News / Africa

UN Chief Calls For Investigation Into Mali Violations

A soldier salutes UN Special Representative to Mali, Albert Koenders (2nd L), at a ceremony that marks the beginning of the 12,000-strong U.N. peacekeeping mission in Mali in Bamako, July 1, 2013.
A soldier salutes UN Special Representative to Mali, Albert Koenders (2nd L), at a ceremony that marks the beginning of the 12,000-strong U.N. peacekeeping mission in Mali in Bamako, July 1, 2013.
Lisa Schlein
U.N. chief Ban Ki-moon is calling for an investigation into human rights violations in Mali. The U.N.’s top official says he is seriously concerned about the situation in Mali despite agreements between the warring factions to make peace.  

U.N. Secretary-General Ban Ki-moon says he welcomes the June 18th agreement between the transitional government of Mali and northern armed groups - an agreement that paved the way for the July 28th presidential election. He says it is vital this election goes ahead and that there be a peaceful outcome accepted by all parties.

A 12,600-member U.N. peacekeeping operation took over in Mali from an African-led mission on Monday. Mr. Ban says this force will provide logistical and other support for the electoral process.  

However, Mr. Ban says he is very concerned about the humanitarian situation in Mali.  He notes the takeover of the north by Islamist rebel groups and subsequent fighting with the government has displaced nearly 475,000 people. He says nearly 1.4 million people need immediate humanitarian assistance.

“We have seen human rights violations in northern Mali by all sides to the conflict, including the use of children by armed groups, rapes, and enforced disappearances.  It is imperative that violations be investigated and perpetrators be held accountable," he said.

Earlier in the day, Mr. Ban warned the 2015 deadline for meeting critical anti-poverty goals worldwide would be missed unless nations intensify efforts. The secretary-general reviewed progress toward meeting the eight Millennium Development Goals in an opening speech at the 3-week session of the Economic and Social Council.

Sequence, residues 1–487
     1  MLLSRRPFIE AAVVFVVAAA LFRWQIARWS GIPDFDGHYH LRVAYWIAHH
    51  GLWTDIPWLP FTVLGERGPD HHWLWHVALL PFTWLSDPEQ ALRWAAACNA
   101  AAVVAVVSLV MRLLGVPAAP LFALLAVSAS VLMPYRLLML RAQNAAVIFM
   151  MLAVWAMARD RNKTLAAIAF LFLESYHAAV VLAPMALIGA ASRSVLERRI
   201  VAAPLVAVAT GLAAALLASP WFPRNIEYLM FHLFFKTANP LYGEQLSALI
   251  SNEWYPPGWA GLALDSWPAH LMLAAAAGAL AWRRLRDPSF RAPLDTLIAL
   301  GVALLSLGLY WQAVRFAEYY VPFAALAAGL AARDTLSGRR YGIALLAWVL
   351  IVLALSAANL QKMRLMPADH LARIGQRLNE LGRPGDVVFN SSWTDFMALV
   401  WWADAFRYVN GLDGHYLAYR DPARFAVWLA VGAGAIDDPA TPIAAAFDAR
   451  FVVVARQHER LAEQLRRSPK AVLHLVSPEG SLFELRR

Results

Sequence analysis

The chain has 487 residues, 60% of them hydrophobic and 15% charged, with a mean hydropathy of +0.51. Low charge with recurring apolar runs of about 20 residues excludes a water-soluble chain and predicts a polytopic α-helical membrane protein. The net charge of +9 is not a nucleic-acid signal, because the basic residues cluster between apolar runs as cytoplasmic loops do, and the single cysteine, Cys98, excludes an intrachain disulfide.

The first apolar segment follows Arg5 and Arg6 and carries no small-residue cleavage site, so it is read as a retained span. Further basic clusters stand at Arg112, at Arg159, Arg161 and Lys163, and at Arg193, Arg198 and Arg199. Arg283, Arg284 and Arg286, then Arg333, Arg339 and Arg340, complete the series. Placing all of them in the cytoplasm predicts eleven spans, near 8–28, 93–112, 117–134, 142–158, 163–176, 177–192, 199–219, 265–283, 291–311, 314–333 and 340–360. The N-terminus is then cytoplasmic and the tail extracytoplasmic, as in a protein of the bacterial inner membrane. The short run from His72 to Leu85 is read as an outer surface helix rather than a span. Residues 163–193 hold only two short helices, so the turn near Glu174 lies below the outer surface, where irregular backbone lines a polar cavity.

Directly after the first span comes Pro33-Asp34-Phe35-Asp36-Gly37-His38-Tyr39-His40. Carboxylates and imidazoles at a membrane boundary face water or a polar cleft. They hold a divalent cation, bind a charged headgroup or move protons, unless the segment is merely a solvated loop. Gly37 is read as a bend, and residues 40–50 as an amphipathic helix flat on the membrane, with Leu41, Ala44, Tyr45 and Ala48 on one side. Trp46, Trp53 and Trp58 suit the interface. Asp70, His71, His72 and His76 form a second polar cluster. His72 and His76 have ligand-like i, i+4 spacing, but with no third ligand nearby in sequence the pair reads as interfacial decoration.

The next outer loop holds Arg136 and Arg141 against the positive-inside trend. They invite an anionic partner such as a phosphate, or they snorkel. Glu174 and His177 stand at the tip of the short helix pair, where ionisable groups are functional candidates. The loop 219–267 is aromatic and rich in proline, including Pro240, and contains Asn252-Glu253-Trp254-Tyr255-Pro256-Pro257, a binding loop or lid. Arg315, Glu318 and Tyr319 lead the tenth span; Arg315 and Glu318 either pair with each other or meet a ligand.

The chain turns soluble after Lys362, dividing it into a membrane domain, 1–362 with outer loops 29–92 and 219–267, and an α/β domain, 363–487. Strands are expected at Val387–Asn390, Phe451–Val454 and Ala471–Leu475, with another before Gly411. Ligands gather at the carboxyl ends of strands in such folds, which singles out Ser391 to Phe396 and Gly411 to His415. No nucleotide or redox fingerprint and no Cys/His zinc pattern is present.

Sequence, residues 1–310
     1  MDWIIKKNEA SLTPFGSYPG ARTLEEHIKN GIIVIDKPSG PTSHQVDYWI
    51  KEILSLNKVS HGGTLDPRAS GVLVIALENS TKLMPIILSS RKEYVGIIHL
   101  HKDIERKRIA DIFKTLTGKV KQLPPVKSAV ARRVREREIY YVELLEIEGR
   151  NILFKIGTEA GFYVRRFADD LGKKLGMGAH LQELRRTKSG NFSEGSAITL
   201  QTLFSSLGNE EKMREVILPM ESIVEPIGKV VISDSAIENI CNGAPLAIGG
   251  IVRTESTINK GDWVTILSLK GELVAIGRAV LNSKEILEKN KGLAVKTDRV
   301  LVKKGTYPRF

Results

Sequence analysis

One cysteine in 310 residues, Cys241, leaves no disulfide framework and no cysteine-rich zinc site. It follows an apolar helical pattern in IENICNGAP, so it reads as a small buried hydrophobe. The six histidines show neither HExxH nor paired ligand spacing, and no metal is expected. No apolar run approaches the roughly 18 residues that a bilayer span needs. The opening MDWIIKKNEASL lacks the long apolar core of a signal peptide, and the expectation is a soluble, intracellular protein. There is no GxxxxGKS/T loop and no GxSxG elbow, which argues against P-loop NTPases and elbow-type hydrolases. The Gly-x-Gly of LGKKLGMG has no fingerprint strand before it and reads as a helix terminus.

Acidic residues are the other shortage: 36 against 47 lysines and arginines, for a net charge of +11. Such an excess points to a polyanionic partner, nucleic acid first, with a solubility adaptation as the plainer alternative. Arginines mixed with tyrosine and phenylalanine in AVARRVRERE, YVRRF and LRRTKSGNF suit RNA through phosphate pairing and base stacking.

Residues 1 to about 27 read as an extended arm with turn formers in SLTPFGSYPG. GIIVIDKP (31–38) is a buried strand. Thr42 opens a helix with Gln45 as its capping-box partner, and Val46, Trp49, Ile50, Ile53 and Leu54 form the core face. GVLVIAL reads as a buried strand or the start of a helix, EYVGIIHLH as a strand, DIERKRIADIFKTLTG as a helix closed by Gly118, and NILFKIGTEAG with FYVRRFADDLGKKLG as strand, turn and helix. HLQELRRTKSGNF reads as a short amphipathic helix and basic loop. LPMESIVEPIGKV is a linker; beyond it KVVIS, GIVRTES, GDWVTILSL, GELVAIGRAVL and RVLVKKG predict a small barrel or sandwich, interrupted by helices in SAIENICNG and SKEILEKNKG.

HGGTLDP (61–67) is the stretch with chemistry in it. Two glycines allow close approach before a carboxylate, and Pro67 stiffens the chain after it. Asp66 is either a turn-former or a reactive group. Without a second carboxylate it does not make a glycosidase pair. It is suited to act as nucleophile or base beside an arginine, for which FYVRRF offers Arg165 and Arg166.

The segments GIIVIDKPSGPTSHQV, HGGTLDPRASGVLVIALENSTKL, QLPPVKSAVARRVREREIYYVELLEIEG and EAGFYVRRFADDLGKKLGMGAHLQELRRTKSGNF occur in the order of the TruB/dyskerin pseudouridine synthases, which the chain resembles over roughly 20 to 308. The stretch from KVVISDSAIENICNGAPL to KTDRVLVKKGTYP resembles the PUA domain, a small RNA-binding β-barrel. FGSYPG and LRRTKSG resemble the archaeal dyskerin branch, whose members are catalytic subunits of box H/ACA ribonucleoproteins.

He gave the effort a mixed review.  He said significant progress has been made in meeting many of the targets. For example, he said, good results have been made in reducing poverty, noting that the proportion of people living in extreme poverty has been halved.

He said more than two billion people now have access to improved sources of drinking water and remarkable gains are being made in the fight against malaria and tuberculosis.

Indeed, a new U.N. report assessing the global and regional progress toward meeting the MDGs finds between 2000 and 2010, mortality rates from malaria fell by more than 25 percent globally and more than one million deaths were averted.  The report says deaths from tuberculosis could be halved in some regions of the world.

Notwithstanding these successes, Mr. Ban said nations are falling short in a number of areas.

“Environmental sustainability is under threat, with continuing loss of forests, species and fish stocks, and rapid growth of greenhouse gas emissions.  Nineteen thousand children under age five die each day, most from preventable diseases," said Ban. "Women continue to be denied an equal opportunity in decision-making at all levels.”  

Mr. Ban said nations must accelerate efforts to bring down maternal mortality rates, which remain unacceptably high. He said universal primary education has not been achieved and a staggering 2.5 billion people around the world still lack improved sanitation.

He said the world can generate the momentum needed to achieve these important development issues by the 2015 target date if nations step up and act now.

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